Check Here for the Latest Presentations and Research
A Review of Washington State's Assisted Living Medicaid Payments
January 14, 2022
The 2018 Washington State Legislature enacted a Medicaid payment methodology into law so that Medicaid insurance could pay adequately for low-income, elderly long-term care in an assisted living setting. The law requires the system to be fully phased-in, and yet today (in 2022), the system is only phased-in at sixty percent funding. This funding level only compensates assisted living hourly wages at $11.29, which is lower than minimum wage. The low-income, elderly are losing access to assisted living as an option for long-term care. Download this slide deck to learn more.
A Critical Hour for Long-Term Care (A four part series)
In this January 2021 series, we provide a data driven review on one of four key topics: Skilled Nursing Facilities, Assisted Living Centers, The COVID-19 Pandemic, and The Direct Care Workforce for Long-Term Care.
Each briefing is about 15 to 20 minutes long and provides data and information that is seperate, but related to the other segments. It is our goal that the material in this series will provide a fuller picture of the current and future vulnerabilities of long-term care in Washington State.
A Data Driven Review: Skilled Nursing Facilities (SNFs)
January 11, 2021
It is likely that sometime within the last year, all of us have heard something in the news or have seen a headline about skilled nursing facilities. While headlines and news stories do not offer conclusive insight into a situation, the presence of them points to the fact that the way we deliver long-term care is changing. This data driven review provides information beyond the headlines to help inform opinions and policy related to skilled nursing facililities and skilled nursing facilitiy Medicaid payment rates. Download the skilled nursing facility slide deck by clicking the button below.
A Data Driven Review: Assisted Living (AL)
January 11, 2021
Assisted Living has two options in Washington State. One is a group-home type model where individuals share rooms. The other is a private apartment model where each resident has a private unit, a private bathroom, a private living area, and a kitchenette. Why are we seeing the private apartment model fade away as an option for our ellderly, low-income populations who rely on Medicaid insurance to pay for long-term care? This data driven review takes a deeper dive into this topic and provides additional information for us to consider as we think about where assisted living fits in our state's spectrum of health care for the elderly. Download the assisted living slide deck by clicking the button below.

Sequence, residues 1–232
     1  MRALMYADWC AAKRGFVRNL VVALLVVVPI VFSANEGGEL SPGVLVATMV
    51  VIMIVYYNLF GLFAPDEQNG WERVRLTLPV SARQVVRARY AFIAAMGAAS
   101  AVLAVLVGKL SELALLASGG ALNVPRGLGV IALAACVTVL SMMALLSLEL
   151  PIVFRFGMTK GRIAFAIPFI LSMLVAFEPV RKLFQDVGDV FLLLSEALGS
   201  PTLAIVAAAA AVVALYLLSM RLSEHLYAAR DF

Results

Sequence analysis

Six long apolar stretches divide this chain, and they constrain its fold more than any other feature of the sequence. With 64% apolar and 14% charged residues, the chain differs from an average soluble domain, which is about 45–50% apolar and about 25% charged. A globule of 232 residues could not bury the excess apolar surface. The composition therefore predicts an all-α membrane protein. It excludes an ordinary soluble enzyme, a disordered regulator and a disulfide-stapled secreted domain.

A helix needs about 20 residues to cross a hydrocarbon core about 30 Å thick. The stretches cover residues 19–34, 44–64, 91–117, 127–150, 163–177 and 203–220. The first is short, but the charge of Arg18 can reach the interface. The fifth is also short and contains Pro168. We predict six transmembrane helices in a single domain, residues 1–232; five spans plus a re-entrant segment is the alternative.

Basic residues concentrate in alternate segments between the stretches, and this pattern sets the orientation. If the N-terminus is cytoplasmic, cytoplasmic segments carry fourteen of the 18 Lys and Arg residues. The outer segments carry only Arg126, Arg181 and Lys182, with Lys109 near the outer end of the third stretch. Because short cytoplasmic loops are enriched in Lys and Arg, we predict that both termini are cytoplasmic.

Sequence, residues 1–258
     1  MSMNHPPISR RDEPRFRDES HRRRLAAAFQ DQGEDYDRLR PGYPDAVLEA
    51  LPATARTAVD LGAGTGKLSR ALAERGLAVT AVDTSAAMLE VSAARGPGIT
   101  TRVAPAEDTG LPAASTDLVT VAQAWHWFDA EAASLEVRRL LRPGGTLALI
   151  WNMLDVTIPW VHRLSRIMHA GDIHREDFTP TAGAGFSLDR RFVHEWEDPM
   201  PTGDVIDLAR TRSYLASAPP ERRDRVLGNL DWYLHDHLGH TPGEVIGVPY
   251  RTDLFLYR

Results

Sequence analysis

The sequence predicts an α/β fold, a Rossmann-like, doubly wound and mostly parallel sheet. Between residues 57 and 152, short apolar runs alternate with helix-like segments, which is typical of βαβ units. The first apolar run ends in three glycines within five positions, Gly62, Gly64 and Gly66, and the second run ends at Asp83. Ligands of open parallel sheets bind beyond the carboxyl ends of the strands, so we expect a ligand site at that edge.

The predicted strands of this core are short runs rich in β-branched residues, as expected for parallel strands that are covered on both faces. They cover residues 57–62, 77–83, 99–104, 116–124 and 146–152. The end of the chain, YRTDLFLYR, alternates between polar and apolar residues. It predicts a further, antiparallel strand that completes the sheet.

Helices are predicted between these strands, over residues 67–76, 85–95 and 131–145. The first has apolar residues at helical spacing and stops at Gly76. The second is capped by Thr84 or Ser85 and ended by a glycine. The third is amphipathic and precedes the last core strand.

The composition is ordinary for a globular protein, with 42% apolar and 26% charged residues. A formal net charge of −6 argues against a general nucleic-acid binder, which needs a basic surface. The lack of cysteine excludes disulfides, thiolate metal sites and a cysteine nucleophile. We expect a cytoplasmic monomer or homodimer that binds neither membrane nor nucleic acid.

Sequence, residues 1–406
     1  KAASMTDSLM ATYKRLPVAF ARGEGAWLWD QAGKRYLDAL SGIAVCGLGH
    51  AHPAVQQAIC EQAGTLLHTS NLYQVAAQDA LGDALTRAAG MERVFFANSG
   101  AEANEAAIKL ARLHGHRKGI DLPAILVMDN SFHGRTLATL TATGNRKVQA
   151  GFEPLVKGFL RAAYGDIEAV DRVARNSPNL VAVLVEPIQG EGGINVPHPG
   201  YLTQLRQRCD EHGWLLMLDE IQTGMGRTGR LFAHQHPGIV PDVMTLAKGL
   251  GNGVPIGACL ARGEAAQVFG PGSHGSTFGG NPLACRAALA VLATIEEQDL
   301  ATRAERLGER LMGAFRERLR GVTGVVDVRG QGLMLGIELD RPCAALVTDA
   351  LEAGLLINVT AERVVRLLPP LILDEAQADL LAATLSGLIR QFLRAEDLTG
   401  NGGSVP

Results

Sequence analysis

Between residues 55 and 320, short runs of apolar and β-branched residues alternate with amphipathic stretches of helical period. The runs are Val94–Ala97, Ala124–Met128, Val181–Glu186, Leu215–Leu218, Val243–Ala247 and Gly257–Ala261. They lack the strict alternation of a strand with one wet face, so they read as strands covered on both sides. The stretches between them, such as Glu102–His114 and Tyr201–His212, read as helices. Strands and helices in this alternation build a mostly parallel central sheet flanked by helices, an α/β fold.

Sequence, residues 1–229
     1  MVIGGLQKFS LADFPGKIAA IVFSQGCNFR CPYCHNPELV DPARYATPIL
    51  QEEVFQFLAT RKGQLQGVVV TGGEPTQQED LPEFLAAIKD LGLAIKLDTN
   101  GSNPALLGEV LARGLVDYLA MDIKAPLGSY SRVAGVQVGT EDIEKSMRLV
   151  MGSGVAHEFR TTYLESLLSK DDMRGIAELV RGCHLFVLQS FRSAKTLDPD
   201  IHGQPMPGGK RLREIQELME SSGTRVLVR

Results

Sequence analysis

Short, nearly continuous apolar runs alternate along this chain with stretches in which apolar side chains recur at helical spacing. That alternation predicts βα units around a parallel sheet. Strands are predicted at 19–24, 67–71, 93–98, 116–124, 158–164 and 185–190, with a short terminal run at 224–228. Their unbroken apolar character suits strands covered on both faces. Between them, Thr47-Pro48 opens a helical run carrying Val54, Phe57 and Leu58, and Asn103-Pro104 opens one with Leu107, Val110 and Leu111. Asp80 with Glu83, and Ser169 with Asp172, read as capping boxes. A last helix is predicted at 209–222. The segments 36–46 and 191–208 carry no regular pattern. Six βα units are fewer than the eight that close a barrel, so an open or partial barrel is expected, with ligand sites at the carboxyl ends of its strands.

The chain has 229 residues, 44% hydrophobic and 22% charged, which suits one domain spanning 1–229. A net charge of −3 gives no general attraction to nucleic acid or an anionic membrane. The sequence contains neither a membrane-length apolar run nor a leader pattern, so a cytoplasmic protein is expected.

A Data Driven Review: COVID-19 Pandemic
There is no doubt that long-term care is the front lines for the COVID-19 Pandemic. Long-term care is made up of Adult Family Homes, Support Living, Assisted Living, and Skilled Nursing Facilities. COVID-19 cases related to these providers represents only 6 percent of all cases in Washington, but about 51% of COVID-19 deaths. The residents served in long-term care are the highest risk group for the disease: Elderly, suffering from multiple chronic health conditions, and living in congregate settings. This briefing looks at the impacts of the pandemic on the staff and providers serving on the front lines in the battle against this disease.
A Data Driven Review: Long-Term Care's Direct Care Workforce
This briefing takes a look at the current nursing staff shortages in Washington state with a special emphasis on long-term care providers. Recent data tells us that 30 to 40 percent of all nursing positions in our state are unfilled on any given day. With a large number of aging baby-boomers, the demand for long-term care will inevitably grow beyond what it is today. In the face of current nursing shortages, our state is a critical point of determining how we will foster and grow the supply of workers needed to care for our vulnerable elderly loved ones both today and in the coming years.